2020 has been a challenging year for everyone. This is especially true for leaders. It has been a time of learning for us all. We are firm believers that everyone should be lifelong learners, improving their ability to innovate, educate, and nurture the people around us. With this in mind, we have curated a list of some suggested reading for the next year.
I typically read two or three books a week. Admittedly, not all of them are beneficial for personal or professional growth. This list represents the best books for growth that I have read in the last year.
Helpful Hint: if you read one book about every two weeks, you can get through this entire list in 2021.
by Simon Sinek
Think about the potential of a game that never ends. Games like football, chess, or Monopoly have players and rules clearly defined and have a fixed endpoint. The winners and losers are easily identified. Infinite games, games with no finish line, like business or politics, or life itself, have players who come and go. The rules and players of an infinite game are changeable, while infinite games have no defined endpoint. There are no winners or losers—only ahead and behind.
In this fantastic book, Simon Sinek offers a framework for leading with an infinite mindset based on purpose. While none of us can resist the fleeting thrills of a promotion earned or a tournament won, we need to realize these rewards fade quickly. In pursuit of a Just Cause, we will commit to a vision of a future world so appealing that we will build it week after week, month after month, year after year. It becomes our personal mission. Although we do not know the exact form this world will take, working toward it gives our work and life meaning. Leaders who embrace an infinite mindset build stronger, more innovative, more inspiring organizations. Ultimately, they are the ones who lead us into the future.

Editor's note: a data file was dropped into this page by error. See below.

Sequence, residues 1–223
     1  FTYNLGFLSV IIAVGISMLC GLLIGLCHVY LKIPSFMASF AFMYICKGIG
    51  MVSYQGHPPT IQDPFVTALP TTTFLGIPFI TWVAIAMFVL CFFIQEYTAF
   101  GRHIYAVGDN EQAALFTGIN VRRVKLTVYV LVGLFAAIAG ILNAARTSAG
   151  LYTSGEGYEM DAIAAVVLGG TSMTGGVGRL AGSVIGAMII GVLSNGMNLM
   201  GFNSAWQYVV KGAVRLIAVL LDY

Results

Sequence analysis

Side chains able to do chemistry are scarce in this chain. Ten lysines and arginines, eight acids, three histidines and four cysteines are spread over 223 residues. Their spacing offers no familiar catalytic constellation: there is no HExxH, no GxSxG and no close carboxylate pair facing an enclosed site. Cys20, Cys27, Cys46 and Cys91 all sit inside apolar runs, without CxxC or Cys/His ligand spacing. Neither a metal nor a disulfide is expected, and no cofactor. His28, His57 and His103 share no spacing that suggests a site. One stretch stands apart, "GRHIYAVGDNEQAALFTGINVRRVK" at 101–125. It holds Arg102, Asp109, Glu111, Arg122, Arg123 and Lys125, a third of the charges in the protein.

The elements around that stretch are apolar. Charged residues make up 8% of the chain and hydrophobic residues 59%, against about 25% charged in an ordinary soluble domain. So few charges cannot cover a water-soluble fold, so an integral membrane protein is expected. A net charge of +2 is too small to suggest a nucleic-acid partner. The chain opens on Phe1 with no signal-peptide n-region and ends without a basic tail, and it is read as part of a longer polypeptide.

By Aaron Dignan
Brave New Work translates theory into plain language and practices, looking to transform how you think about work. This is true for any leader, teacher, or consultant looking to up their game in terms of a methodology for implementing practical, tangible, self-sustaining change. It’s a good read based on research and results without jargon or intellectual arrogance and provides tactics without being overly simplistic. Dignan offers excellent stories of corporate transformation. For you leaders and founders out there, it’s a must-read if you want your organization to thrive.
Dignan masterfully breaks down the historical reasons for our hierarchical, constrained organizations lacking purpose and meaning, and even better, he describes a way out.
It is possible to drive change through bureaucratic corporations. Through his consulting work, Dignan tells stories of organizations willing to venture into this brave new world of work, which takes courage, patience, and a steadfast focus on continuous learning. In these “evolutionary organizations,” people are trusted with autonomy, not controlled by rules. And he shows us that the result is not only happier people but higher profits as well. How can we not do this work?
By Mo Gawdat